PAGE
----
Here are is the summary of some of the sessions I attended:
- MyStuff: The E-porfolio platform of the Open University.
The Open University in the UK supports at present 180.000 online students (undergraduates and postgraduates). 70% of them are mature students in full time employment. This predominant learners profile has compelled the OU to develop an online platform for electronic portfolios based on the concept of Web 2.0, and designed to be conected with Web 2.0 applications: MyStuff.
MyStuff is an open source information management software that allows students to create, store and organize their own learning contents. It also allows to re-use the materials stored (supporting, therefore, the sustainability of the resources). It can be accessed from any PC an students can decide what they want to share and what not.
The technical implementation of MyStuff was not mentioned at all, which was a shame, because the “father” of Moodle, Martin Dougiamas, talked in his visit to the University of Edinburgh about the possibility of integrating MyStuff into the new versions of Moodle.
Nevertheless, despite the increase in the use of MyStuff, the speaker from the OU admitted that the project was still in its early stages, facing still important challengues such as:
- Conectability with web 2.0 applications
- Embedding the application effectively into courses.
- Legal issues of e-Porfolios
This was probably one of the most expected sessions in the conference, delivered by the director of the Centre for IT and Law of the University of Bristol. The speaker highlighted the importance of addressing the legal risks and costs of electronic portfolios from the beginning, rather than waiting until legal problems arise. When launching an e-porfolio project, HE and FE institutions should be aware from of the cost involved in tackling legal issues/risk and should include the financial provision of these costs in the project’s budget. Implementation of e-portfolios can be, therefore, more expensive than it was planed from the technological side.
According to the speaker, basic legal knowledge is becoming an essential skill for educational professionals. That is why some institutions, such as the University of Bristol, have started to provide with legal advice in-house.
Most of the legal problems usually arise from a poor operational and strategic planning. Institutions fail to embed the legal risks and costs throughout the planning process as a result of ignorance of the relevant law.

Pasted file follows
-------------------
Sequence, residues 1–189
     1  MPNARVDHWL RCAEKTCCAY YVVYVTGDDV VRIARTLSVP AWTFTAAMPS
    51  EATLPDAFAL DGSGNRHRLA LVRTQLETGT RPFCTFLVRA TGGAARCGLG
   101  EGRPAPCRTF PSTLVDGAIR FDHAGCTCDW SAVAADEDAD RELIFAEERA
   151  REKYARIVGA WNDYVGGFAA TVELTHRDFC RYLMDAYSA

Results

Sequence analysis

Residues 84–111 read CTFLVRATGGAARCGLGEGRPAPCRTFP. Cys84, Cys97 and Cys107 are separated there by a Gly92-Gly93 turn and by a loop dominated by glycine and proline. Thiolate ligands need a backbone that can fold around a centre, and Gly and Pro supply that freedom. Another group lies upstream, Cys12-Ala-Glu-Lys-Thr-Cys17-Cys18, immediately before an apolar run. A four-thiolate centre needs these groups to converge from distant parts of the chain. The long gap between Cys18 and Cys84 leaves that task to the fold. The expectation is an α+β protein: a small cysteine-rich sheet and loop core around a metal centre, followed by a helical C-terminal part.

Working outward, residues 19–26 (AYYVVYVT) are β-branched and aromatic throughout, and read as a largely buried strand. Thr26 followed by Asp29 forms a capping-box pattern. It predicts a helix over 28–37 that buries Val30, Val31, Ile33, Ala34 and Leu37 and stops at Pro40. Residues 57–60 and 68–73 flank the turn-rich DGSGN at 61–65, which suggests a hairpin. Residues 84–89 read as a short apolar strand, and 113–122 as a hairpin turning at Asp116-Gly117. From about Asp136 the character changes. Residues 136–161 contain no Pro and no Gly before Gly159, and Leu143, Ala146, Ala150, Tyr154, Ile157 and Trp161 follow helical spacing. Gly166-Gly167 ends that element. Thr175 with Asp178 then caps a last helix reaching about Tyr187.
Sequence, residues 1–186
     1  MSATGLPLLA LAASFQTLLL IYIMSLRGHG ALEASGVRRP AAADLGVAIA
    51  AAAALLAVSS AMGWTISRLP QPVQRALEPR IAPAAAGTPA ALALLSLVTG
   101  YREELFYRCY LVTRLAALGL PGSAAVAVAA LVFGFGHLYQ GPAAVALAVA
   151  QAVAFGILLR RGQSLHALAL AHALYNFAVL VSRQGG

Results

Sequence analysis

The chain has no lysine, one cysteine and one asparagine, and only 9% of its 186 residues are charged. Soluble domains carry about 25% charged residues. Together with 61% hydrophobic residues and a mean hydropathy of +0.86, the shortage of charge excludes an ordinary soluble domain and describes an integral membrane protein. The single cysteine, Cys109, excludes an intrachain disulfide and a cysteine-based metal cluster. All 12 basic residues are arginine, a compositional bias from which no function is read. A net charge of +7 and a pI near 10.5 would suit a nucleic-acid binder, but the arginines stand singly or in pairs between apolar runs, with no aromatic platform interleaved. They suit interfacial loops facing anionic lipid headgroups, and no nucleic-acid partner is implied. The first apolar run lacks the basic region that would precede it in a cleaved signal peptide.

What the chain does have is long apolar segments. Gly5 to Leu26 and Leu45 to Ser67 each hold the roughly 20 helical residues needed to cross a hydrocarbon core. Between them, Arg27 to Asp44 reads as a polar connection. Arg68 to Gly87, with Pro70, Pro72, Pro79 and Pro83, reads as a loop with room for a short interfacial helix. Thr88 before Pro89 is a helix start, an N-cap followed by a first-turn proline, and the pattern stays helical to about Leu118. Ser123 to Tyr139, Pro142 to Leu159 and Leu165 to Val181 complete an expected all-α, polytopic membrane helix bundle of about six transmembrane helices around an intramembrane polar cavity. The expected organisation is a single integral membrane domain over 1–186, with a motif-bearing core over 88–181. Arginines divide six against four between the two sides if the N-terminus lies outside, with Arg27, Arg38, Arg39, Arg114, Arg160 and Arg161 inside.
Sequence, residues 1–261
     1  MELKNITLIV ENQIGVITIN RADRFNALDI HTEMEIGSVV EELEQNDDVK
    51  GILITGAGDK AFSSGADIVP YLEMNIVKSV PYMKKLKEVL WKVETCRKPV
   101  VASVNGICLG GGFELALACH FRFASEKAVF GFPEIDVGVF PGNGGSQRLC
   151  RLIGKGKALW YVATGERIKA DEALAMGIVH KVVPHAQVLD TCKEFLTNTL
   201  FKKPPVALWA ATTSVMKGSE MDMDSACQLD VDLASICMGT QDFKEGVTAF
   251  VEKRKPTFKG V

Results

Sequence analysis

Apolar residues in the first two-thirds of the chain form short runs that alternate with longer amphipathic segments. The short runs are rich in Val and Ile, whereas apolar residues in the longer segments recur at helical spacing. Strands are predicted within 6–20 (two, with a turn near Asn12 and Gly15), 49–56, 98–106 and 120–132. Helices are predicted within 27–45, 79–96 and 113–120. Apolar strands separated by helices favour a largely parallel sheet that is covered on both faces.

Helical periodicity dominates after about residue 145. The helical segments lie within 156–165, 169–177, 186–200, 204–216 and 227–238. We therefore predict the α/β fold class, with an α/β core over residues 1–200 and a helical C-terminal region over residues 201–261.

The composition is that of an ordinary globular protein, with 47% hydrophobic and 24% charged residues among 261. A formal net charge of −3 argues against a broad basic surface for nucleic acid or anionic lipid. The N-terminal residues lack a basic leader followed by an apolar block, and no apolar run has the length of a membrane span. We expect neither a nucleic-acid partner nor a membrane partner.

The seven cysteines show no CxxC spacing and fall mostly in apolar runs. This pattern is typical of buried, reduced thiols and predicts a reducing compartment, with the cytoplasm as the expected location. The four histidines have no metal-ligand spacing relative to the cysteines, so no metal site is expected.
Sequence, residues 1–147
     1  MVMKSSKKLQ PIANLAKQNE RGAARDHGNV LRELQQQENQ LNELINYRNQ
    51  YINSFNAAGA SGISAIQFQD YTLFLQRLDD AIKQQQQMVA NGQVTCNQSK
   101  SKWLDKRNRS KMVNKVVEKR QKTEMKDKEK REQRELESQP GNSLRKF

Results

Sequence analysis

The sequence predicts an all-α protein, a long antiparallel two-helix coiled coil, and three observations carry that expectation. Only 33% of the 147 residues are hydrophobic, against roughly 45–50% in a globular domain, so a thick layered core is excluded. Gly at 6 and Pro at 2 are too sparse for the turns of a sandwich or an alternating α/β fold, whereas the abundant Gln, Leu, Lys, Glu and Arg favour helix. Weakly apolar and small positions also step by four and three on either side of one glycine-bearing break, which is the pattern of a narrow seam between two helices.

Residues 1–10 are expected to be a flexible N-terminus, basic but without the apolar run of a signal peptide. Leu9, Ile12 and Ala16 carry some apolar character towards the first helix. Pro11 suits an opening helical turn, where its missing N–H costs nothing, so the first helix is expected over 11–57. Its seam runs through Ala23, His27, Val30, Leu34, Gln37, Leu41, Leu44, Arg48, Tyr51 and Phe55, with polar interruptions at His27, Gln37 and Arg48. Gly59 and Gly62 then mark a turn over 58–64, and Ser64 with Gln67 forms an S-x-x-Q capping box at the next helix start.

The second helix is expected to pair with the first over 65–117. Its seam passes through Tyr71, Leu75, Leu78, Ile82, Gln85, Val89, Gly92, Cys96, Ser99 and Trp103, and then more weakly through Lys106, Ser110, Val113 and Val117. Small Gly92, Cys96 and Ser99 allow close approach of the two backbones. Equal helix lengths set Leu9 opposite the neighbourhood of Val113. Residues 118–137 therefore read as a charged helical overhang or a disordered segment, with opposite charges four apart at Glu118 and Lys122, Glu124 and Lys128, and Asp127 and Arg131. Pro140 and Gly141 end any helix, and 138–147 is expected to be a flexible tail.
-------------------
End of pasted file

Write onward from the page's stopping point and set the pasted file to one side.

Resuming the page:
The most important legal issues around e-portfolios identified by the experts were:
- Ownership and intellectual property not only of the contents, but the software and tools.
- Liability for system failure, data losses and security breaches. The speaker advised to arrange an insurance cover against this possibility.
- Maintaining data protection, privacy and confidentiality rights.
- Accessibility of e-portfolios systems and risks of social exclusion.
Albeit the speaker introduced these interesting issues, there was no time for discussing them in detailed, in particular the first point: who owns the electronic portfolios. For what I have researched, it seems that, in the UK, the ultimate intellectual ownership of the contents stored in e-portfolios belongs to the institution, while in Europe and Canada the tendency is, that this ownership belong to the learners (as it should be).
The legal expert ended up his intervention by quoting some remedial strategies again legal risks:
- Provide clear guidance, from the beginning, to both staff and learners about their rights and their legal responsibilities.
- Document effectively all the decisions regarding legal risks.
- Undertake a legal impact assessment while planning the project: who, for what and how can be legally prosecuted. Set up legal responsibilities from the beginning.
- Audit the project on a regular basis.
- Ensure that the institution has an effective disaster recovery processes and adequate insurance.